Also at Summit was James Sommerville, VP of Global Design at The Coca Cola Company, talking about how Coke designs the digital experience to be every bit as real as the physical.
Here are a few key takeaways from his talk.
Making Coke relevant for modern consumers
James kicked off with a question – how exactly can a brand stay relevant when its product hasn’t changed for over 131 years?
This continues to be a big challenge for Coca Cola, but arguably, it has also been a factor in its success. After all, the Coca Cola brand is as instantly recognisable as the taste of the drink, meaning it does not need to work too hard to differentiate itself.
But of course, in such a comptetive market, being recognisable to modern consumers is not enough. It needs to be relevant.
James spoke about the importance of innovation within the company, specifically how it has used up-and-coming designers to help inform the evolution of its design. He cited the example of Jonathan Mak – a designer who created ‘Coke hands’ – the image of two people shaking hands around a Coke bottle, built around the brand’s original and iconic ribbon design. By introducing the notion of togetherness, it naturally evoked the idea of people coming together to share enjoyment in the product.
James also spoke about the ‘Contour Mash-up Project,’ which involved asking 100 designers around the world to create posters based on what they imagine the famous Coca Cola bottle will look like in the next 100 years.
Not only did the results help Coca Cola to let go of some of its old rules of identity, but it also helped create a visual language for the brand. Some of the entries went on to inspire and directly inform the design of Coke products and brand experiences.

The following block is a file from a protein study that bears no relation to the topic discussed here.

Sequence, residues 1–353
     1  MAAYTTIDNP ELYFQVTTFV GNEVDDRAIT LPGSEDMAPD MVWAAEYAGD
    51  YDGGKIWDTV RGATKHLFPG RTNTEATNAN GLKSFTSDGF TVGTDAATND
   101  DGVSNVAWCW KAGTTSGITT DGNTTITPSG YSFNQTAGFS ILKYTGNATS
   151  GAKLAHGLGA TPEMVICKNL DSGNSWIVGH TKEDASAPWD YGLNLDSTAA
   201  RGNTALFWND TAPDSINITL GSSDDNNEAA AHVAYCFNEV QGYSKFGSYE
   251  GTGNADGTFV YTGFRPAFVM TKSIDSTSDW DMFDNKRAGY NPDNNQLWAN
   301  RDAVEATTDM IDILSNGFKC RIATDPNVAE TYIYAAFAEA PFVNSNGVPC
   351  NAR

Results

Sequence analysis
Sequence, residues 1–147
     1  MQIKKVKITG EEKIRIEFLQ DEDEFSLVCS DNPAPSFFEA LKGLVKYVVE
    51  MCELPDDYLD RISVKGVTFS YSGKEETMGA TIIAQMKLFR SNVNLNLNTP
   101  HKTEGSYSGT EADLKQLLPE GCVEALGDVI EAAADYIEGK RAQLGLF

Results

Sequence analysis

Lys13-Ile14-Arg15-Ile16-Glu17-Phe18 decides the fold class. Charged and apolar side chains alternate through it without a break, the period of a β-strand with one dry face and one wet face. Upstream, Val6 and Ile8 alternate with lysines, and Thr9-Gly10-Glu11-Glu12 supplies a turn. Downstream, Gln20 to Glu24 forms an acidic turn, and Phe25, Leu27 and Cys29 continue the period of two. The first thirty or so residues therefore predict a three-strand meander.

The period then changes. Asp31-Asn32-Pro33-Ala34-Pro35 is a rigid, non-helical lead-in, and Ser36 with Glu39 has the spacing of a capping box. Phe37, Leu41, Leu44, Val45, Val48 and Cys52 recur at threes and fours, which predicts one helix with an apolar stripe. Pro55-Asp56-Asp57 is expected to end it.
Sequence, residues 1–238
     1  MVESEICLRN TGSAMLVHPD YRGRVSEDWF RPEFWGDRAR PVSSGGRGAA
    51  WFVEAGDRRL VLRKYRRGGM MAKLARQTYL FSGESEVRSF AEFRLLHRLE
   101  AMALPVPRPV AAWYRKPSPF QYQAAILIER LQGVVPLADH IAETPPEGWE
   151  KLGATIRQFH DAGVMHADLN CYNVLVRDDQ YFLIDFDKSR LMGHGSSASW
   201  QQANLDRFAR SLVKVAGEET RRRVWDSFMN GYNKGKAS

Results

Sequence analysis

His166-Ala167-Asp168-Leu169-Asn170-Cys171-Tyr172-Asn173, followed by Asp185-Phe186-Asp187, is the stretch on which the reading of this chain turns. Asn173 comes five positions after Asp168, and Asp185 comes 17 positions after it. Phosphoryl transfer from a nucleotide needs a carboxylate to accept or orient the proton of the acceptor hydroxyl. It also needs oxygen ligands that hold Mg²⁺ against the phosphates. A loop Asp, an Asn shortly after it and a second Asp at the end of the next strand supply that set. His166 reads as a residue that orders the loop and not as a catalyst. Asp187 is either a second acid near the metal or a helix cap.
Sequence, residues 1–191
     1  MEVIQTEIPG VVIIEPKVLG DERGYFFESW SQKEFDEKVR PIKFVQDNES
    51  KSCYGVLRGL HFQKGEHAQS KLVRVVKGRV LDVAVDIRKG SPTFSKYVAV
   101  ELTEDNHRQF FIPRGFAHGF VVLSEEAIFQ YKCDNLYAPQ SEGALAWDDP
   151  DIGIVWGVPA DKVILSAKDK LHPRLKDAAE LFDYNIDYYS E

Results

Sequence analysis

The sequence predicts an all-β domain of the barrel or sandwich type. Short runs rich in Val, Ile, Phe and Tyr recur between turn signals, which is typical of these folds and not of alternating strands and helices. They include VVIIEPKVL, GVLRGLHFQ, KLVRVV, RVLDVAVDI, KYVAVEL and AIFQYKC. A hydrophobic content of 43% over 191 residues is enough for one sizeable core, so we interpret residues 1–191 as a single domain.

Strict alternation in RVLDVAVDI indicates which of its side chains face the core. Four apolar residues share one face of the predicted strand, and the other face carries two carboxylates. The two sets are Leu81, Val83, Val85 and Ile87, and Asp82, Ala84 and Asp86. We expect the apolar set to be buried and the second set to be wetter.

Creating infectious campaigns
Share a Coke is one of the most successful marketing campaigns of all time – bolstered by the force of social media and sheer consumer favour. Interestingly, James referenced it when speaking about the brand’s digital presence in out-of-home spaces such as Times Square.
While displaying a name (e.g. ‘Sophie’ or ‘James’) on a digital billboard in the middle of New York sounds relatively simple – the impact for the consumer is huge. It enables the brand to use its digital presence to forge a one-to-one connection with the individual. Which, in such a saturated space, presents an incredibly valuable opportunity.
It is not just personalised aspects that help consumers relate to the digital experience, of course. Coca Cola uses real-time effects in its out-of-home advertising, reflecting the surrounding context with things like weather-related imagery or news headlines.
In doing so, it effectively becomes a live and ever-changing visual representation of the brand.
Using history to say hello to the future
So, how will the Coca Cola brand continue to evolve in future?
Unsurprisingly, its design hallmarks – such as the red disc and swirly font – will remain unchanged. However, with the aim of uniting the brand under a single identity, the different colours of products like Coke Zero and Coke Life will be replaced by a uniform red and silver.
This fusion of the past and present continues in its campaign imagery. James cited old Norman Rockwell ads as inspiration behind the latest ‘Taste the Feeling’ campaign. Instead of taking direct influence, however, Coke ensures that the ads resonate with a modern audience by depicting decidedly modern experiences.
Using the vintage style made famous by Rockwell – whose paintings are much-loved for their intense detail and storytelling – Coke pairs it with jarringly modern images, such as a young boy taking a selfie or girls sunbathing.
Meanwhile, as the official sponsors of the 2018 World Cup, Coca Cola will also aim to fuse together the two experiences evoked by both Coke and football.
From the typeface (inspired by Russia) to the new product packaging (which will include score predictors on caps) – it is yet another example of a brand that continuously uses design to innovate as well as honour its long-standing history.